To prevent MTSS, a multi-factorial approach is necessary.
- Proper biomechanically correct running techniques are essential.
- Alignment of all body segments to absorb landing forces at the foot/ground interface is necessary.
- Control of the mid foot drop and rear foot stability seems to help avoid medial shin pain.
- Control of body composition and strength to weight ratio may contribute to reduction of ground forces.
- Control of inflammation in the lower leg through the application of cold and the careful use of anti-inflammatory medication may serve a purpose in the multi-factorial approach to controlling MTSS.
Learning how to properly jump and land can help female athletes avoid serious knee injuries
Female athletes tear their anterior cruciate ligament (ACL) six to eight times more than male athletes who play the same sport. A leading sports medicine surgeon believes incorporating a jumping and landing program into a regular training regimen can help keep women on the field and out of the operating room.
"Studies have shown up to a 50 percent decrease in ACL tears in female soccer players who took part in a jumping and landing program," said Dr. Patrick McCulloch, an orthopedic surgeon with the Houston Methodist Orthopedics & Sports Medicine in Houston. "Most of these injuries occur in sports with a lot of cutting and pivoting such as basketball and soccer."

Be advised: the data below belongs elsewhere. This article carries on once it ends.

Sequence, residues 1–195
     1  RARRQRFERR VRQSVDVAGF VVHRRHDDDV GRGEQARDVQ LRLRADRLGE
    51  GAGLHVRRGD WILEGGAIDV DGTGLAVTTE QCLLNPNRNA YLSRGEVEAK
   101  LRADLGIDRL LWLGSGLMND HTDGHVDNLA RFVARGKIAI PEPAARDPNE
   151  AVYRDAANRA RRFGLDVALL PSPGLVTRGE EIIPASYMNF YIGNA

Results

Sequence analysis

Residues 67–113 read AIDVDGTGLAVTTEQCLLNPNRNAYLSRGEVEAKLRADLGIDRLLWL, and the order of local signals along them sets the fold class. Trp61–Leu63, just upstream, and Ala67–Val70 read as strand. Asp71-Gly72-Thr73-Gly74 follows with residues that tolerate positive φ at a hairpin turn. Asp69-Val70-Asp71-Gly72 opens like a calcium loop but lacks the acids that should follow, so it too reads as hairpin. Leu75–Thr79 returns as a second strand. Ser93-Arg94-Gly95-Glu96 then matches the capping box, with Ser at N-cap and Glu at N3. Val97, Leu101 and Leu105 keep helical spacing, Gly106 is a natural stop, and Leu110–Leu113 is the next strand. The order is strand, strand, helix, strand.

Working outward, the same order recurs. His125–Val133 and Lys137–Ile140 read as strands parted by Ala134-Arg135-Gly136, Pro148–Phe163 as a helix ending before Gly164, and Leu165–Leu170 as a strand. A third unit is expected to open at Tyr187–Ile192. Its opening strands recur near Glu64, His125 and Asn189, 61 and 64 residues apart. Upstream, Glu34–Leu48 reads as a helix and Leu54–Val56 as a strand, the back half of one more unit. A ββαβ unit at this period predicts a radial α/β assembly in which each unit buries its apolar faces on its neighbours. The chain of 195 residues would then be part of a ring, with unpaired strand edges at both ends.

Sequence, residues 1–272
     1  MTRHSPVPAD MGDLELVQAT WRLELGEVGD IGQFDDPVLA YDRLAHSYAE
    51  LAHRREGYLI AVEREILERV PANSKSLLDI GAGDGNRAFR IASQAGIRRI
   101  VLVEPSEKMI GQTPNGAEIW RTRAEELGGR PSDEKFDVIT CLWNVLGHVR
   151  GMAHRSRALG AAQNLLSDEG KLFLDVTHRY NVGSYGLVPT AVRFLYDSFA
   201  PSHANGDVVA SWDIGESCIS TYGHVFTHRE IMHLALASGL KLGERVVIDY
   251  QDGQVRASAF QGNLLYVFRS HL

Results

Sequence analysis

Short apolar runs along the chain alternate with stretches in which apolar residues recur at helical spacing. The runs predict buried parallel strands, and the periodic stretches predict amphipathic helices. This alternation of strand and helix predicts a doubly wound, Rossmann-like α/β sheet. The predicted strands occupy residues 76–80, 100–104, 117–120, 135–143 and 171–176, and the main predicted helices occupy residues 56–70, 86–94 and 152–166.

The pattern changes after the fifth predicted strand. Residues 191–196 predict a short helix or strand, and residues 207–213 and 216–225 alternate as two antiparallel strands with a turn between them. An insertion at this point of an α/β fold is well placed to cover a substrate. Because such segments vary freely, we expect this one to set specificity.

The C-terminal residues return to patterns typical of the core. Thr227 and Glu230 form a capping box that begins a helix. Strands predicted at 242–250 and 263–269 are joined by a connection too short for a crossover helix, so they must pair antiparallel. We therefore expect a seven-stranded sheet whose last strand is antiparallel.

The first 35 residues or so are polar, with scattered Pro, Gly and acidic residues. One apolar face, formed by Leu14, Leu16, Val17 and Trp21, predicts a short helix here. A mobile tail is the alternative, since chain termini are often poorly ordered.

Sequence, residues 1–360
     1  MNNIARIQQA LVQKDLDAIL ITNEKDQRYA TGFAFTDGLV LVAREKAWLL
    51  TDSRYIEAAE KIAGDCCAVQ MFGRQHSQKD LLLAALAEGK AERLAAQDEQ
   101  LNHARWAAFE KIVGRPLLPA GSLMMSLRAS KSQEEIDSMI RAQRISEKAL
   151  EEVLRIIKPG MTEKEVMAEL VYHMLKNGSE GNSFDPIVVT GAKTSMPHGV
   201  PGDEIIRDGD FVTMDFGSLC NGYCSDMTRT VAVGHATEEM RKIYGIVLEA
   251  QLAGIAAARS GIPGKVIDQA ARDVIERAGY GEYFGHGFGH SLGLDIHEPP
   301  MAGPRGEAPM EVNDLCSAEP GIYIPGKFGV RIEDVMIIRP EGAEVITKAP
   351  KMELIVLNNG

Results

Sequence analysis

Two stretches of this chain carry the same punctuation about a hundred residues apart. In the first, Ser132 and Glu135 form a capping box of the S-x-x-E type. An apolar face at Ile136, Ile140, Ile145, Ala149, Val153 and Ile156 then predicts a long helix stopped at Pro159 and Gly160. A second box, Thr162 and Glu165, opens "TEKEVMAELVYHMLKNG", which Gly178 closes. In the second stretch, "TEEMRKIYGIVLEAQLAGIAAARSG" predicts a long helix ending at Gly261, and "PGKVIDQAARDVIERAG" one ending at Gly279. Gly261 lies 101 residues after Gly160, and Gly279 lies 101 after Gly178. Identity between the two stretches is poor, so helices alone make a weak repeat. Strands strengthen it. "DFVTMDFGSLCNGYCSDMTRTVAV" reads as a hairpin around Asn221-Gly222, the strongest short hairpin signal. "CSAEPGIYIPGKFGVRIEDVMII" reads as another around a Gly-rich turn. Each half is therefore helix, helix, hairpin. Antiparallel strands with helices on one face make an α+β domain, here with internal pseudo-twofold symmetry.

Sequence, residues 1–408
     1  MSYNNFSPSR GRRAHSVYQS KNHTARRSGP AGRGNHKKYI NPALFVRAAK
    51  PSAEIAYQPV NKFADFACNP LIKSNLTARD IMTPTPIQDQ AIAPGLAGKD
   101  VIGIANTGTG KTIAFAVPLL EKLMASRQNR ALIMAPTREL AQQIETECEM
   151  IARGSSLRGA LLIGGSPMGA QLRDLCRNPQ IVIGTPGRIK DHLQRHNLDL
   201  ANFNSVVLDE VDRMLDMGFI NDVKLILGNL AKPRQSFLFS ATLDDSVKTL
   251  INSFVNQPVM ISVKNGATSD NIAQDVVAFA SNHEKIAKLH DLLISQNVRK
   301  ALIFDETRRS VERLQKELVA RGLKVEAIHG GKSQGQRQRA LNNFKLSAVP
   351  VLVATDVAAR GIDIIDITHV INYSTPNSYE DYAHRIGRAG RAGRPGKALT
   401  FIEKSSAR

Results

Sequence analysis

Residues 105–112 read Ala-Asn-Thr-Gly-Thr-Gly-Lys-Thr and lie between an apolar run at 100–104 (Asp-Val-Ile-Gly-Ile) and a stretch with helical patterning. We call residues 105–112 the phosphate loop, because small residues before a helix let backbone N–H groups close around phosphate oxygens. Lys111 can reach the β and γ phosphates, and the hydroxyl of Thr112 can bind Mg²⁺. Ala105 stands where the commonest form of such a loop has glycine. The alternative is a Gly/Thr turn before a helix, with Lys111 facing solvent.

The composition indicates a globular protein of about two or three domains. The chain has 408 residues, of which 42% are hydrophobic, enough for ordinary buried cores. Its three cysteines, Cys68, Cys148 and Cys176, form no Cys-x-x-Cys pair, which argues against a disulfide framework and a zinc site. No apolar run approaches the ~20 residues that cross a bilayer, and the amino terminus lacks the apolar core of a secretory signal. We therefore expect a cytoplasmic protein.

McCulloch says many women land with their knees straight and their kneecaps pointing inward and this puts an incredible amount of stress on the ACL, while men tend to land with their feet further apart with more bend in the knees. He believes a jumping/landing program involving plyometric exercises can help women train their muscles to develop a "muscle memory" that will alert their hamstrings to fire off at the right time and help them land with a bend in their knees.
The program lasts six weeks. The first two are spent on form and control. During this phase, the athlete begins to build confidence in performing more sport-specific exercises. Weeks three and four mark the start of jumping off of a single leg. The athletes continue to focus on jump control, but they are also learning how to transition more quickly and effectively between jumps. Weeks five and six are considered the performance stage in which quickness and explosiveness are emphasized.
"The jump program not only strengthens the knee, but it also help teach female athletes the motor control required to cut, jump and land properly," said Kelly Osburn, a Houston Methodist physical therapist who helps female athletes recover from ACL injuries. "Most of my patients leave physical therapy stronger than they were before their injury."
"Women's college basketball coaches usually recruit more women each year because they know one or two will most likely tear their ACL," McCulloch said. "I believe if schools and clubs would incorporate a jumping/landing program into their in-season and off-season training programs they will lessen the chances that their athletes will be put on the disabled list with an ACL tear."